Will Labour provide for women? Key announcements from the conference

Daisy Sands, Head of Policy and Campaigns

As time draws in on the Labour Party’s 2014 annual conference – their last before what one key Labour figure has called “the most important election in a generation”, what do the plethora of policies and promises made really mean for women, and for tackling inequality between women and men in the UK?

From Fawcett’s perspective, given our current focus on women’s economic equality and in particular the deteriorating situation for women at the lower end of the labour market, there are a number of announcements to welcome.

Recent research from Fawcett shows that since 2008 over 800,000 additional women have moved into types of jobs that are typically low paid and insecure, whilst the value of pay has been declining significantly for this group. With 3 million women, or 1 in 4 of all female workers, now classified as on low pay, this is a group that urgently needs attention. Many of these women are struggling more than ever to make ends meet. Over half feel worse off than 10 years ago, 1 in 10 are accessing pernicious pay day loans and 1 in 12 are resorting to food banks in order to feed their children.

Labour’s commitment to increase the minimum wage to £8p/h by 2020 is an important step towards improving the living standards of minimum wage workers – two-thirds of whom are women. Whilst this is a welcome move, we would caution however that this should not be an arbitrary uprating, but part of a long term plan to ensure the minimum wage keeps pace and maintains its value over time. We will be looking closely at the detail in the coming months, in particular on how this figure was arrived at.

Our research also found that 1 in 8 low paid women are now on a controversial ‘zero hours contract’ and as such we very much welcome Labour’s commitment to outlaw the exploitative use of zero hours contracts. If the party is serious about tackling employee exploitation however, they must also be vigilant in ensuring that employers don’t just find another means of side-stepping their duty to provide decent employment rights, for example by utilising short-hours contracts which could theoretically be set at as little as 1 hour.

Low paid women - general

Over the past few years we have also seen an exponential rise in the numbers of women in self-employment. Whilst some of these will be well-earning entrepreneurs, the vast majority will be earning around half the national average wage, and will be falling foul of the whopping 40 per cent pay gap between women and men in self-employment. As such, we warmly welcome Ed Miliband’s commitment to ensure equal employment rights for those in self employment, and look forward to hearing more detail on how this will be achieved.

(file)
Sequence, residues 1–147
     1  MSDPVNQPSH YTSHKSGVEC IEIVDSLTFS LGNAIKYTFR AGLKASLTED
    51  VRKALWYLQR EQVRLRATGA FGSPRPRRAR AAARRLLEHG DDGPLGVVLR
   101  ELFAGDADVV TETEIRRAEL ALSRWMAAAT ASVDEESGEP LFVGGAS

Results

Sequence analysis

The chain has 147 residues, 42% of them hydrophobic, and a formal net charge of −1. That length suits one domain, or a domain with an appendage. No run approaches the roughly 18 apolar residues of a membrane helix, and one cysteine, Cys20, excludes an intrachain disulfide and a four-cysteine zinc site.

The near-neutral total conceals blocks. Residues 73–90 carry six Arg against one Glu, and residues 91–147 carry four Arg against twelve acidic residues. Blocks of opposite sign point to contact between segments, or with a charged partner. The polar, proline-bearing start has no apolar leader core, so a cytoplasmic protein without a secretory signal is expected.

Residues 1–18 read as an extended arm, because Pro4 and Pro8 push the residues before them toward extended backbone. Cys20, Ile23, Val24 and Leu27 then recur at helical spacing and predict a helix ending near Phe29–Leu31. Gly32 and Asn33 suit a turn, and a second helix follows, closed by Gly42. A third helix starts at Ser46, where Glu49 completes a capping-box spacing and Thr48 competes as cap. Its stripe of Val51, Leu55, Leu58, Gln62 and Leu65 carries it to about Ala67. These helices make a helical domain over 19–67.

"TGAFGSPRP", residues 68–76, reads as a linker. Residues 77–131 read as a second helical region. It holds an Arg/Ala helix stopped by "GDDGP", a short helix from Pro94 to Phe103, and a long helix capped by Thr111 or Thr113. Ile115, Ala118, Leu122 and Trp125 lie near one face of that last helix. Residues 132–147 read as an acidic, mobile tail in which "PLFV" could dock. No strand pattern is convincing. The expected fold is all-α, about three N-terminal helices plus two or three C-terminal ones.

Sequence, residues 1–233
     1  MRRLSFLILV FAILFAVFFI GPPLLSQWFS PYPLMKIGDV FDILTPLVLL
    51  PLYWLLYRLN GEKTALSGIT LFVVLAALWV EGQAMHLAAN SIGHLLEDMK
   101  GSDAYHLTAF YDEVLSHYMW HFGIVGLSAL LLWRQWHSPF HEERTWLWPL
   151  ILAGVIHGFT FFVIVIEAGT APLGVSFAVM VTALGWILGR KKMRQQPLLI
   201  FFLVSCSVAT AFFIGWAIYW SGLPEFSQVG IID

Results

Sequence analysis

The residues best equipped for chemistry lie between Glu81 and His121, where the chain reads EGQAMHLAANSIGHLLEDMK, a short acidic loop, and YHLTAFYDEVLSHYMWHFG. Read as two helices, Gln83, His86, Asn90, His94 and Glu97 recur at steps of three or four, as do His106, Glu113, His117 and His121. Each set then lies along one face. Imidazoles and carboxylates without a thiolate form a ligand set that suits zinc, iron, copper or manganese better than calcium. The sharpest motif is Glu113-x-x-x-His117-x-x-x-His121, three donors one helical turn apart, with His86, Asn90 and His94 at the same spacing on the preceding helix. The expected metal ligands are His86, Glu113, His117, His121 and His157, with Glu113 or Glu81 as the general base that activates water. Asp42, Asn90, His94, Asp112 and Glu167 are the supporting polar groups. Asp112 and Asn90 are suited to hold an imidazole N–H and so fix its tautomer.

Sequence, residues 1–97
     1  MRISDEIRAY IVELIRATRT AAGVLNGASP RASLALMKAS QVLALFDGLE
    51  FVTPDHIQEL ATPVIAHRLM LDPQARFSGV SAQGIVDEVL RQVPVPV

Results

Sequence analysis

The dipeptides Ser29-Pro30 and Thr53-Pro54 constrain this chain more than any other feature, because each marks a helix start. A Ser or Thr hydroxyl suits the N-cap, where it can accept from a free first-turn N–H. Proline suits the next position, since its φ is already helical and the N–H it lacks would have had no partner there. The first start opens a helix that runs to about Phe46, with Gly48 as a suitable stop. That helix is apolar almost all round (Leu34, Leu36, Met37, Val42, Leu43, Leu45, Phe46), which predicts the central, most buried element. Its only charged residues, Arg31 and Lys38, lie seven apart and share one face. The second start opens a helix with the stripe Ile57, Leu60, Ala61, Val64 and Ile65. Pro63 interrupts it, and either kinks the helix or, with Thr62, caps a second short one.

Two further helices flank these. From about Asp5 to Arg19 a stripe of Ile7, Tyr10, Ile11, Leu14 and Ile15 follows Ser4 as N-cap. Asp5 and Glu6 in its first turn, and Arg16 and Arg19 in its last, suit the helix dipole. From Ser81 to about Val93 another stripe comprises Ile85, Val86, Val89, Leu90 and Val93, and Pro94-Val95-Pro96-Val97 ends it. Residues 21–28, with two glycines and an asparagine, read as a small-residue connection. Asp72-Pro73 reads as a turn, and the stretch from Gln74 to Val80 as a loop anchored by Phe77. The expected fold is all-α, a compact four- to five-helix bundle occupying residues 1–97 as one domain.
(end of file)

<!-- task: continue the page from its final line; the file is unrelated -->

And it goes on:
Given the declining position of low paid women in the labour market, it is not surprising that last year we saw the gender pay gap, one of the key indicators of equality between women and men, increased for the first time in many years. In light of this regression we were also happy to hear of Labour’s commitment to instate section 78 of the 2010 Equality Act, which will require large employers, including those such as Tesco and Amazon who employ many low paid women, to carry out and publish mandatory gender pay audits. Whilst not a panacea, if properly enacted this law will help lift the lid on unequal pay for at least 1,750,000 employees in the UK and go a considerable way towards addressing the gender pay gap.

We also welcome Labour’s announcement to extend childcare provision to 25 hours of free childcare a week for 3 and 4-year-olds and to invest in Sure Start Children’s Centres, although again we await the finer detail on this. Whilst individual policies can go a long way, if Labour is serious about addressing the UK’s childcare crisis, we would like to see a commitment to developing a new national strategy on childcare, aimed at delivering universal access to good quality, affordable childcare within ten years. Not only should such a strategy invest in the supply of affordable childcare but it should also take a fresh look at how families can best be supported to balance work and family life through a wide range of measures including a progressive parental leave system and quality flexible work opportunities.